Saturday, September 13, 2008

Moving around

A little change of plans is in order as instead of discussing bookmarks, I will take a deeper look into the IRowset::GetNextRows method. The reason behind this little change of plans is that I got fed up waiting for the sample's list view to populate. I told you before that this was the least-effective way of displaying large amounts of data in a list view: by filling it all up we have to wait for all the internal memory allocations to run and worse, we essentially duplicate the rowset data (much like reading a table into a .NET's DataSet). In fact, list views work much faster when they don't own the data but rely on the parent window to provide it for them. To do this, you must specify the LVS_OWNERDATA style bit when creating the list view control, thereby making it a virtual list view. Virtual list views query each item and sub-item data through the LVN_GETDISPINFO notification message (more info on this here). If you want to cache the data in advance, the virtual list view notifies the parent through an LVN_ODCACHEHINT notification, where the indexes of the rows about to be displayed are reported. This gives the parent a chance to cache the rows ahead. So how does this affect our sample code?

The first major difference os that we have to keep the CRowset object open thrughout the list view's lifetime so that ic can move back and forth to get the requested row. This means that we must find a way to map the zero-based list view item indexes and the table rows, and the most obvious one is to use the number of skipped rows from the rowset start. When the rowset is open, we must make sure that the internal row handle is initialized by calling MoveFirst. This will read the first row into memory and set the next reading position to "before the second row". What does this mean?

If you look at the IRowset::GetNextRows documentation, you see that the second (lRowsOffset) and third (cRows) parameters are signed numbers. We already know that the cRows parameter can only have the value of 1 in SQL Compact, because this engine only manages one row at a time. Interestingly it can also be -1, meaning that the cursor is reading backwards (the DBPROP_CANFETCHBACKWARDS is VARIANT_TRUE). This value is also by how much the "next read position" is incremented for next read. So if you open a brand-new rowset, call RestartPosition to position it "before the first row" and then consecutively call GetNextRows(NULL, 0, 1, ...) until the return value is different from S_OK, you will have visited all the rows from the rowset.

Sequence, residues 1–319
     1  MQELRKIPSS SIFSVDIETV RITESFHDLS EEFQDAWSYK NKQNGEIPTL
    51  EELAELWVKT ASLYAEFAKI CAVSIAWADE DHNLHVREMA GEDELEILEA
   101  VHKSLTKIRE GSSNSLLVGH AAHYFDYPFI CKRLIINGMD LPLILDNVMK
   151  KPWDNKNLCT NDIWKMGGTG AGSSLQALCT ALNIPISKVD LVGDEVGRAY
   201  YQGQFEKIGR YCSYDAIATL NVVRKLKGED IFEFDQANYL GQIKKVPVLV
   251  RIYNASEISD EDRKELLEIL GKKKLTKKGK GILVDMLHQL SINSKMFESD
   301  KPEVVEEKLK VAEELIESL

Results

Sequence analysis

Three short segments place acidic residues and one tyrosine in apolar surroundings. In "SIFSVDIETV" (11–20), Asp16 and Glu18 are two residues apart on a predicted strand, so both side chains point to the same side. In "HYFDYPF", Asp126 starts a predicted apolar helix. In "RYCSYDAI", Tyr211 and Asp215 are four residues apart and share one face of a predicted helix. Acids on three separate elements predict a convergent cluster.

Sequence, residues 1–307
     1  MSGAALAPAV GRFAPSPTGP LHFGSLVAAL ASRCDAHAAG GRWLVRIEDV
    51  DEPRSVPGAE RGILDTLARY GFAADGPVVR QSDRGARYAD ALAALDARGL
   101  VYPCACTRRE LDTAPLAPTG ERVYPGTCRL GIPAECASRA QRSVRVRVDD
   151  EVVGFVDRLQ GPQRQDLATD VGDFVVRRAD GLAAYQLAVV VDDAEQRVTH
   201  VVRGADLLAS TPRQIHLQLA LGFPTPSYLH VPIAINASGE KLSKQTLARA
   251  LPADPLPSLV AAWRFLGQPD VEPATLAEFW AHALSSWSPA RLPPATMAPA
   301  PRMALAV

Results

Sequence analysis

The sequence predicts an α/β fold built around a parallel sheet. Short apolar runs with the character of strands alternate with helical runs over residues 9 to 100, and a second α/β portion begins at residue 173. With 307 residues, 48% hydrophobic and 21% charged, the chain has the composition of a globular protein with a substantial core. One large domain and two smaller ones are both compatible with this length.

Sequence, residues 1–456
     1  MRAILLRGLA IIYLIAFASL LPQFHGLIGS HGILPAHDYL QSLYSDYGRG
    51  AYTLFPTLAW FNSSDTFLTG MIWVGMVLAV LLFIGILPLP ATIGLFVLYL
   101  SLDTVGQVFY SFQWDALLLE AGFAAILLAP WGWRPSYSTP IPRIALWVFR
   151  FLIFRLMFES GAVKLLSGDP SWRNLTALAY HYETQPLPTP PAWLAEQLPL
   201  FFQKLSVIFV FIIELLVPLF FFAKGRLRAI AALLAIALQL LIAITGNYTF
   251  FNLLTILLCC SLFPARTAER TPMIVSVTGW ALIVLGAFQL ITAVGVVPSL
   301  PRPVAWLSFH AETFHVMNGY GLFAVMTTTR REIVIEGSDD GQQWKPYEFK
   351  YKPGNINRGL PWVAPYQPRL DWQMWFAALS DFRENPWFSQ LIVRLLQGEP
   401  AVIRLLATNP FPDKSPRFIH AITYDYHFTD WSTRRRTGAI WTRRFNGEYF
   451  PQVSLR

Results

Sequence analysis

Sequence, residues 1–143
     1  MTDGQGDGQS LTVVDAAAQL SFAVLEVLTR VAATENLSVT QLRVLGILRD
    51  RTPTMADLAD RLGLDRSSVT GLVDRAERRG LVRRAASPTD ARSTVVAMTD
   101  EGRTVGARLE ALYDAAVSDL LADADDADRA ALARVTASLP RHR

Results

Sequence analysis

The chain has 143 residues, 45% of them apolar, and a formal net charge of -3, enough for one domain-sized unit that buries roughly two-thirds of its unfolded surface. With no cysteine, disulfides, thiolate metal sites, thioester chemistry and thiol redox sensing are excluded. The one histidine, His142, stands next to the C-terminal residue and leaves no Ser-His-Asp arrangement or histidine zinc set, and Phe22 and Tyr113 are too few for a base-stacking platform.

Moving back on the rowset would entail feeding a negative lRowsOffset value to the call but there are two gotchas:
  1. What value would you use to read the previous row? If you think -1 you are wrong (if you keep cRows = 1) and the reason is simple: you would go back one row from the current reading position (after the current row) and put it before the current row, so you would effectively re-read the current row! To move back one row (with cRows = 1) you must set lRowsOffset to -2.
  2. Can you really scroll back? If you look at all the available SQL Compact BOLs you will see that DBPROP_CANSCROLLBACKWARDS is read-only and VARIANT_FALSE, meaning that lRowsOffset cannot be negative. (I'm still trying to figure out if this is true for 3.0 and 3.5 becase elsewhere these BOLs say that you can have a negative offset.)
Just to be on the safe side, if you need to move back just restart the rowset position and move forwards from there (sigh).

Now go and have a look at the updated sample code. You will see some differences in the code, especially how fast the list view is displayed.

Download sample code:

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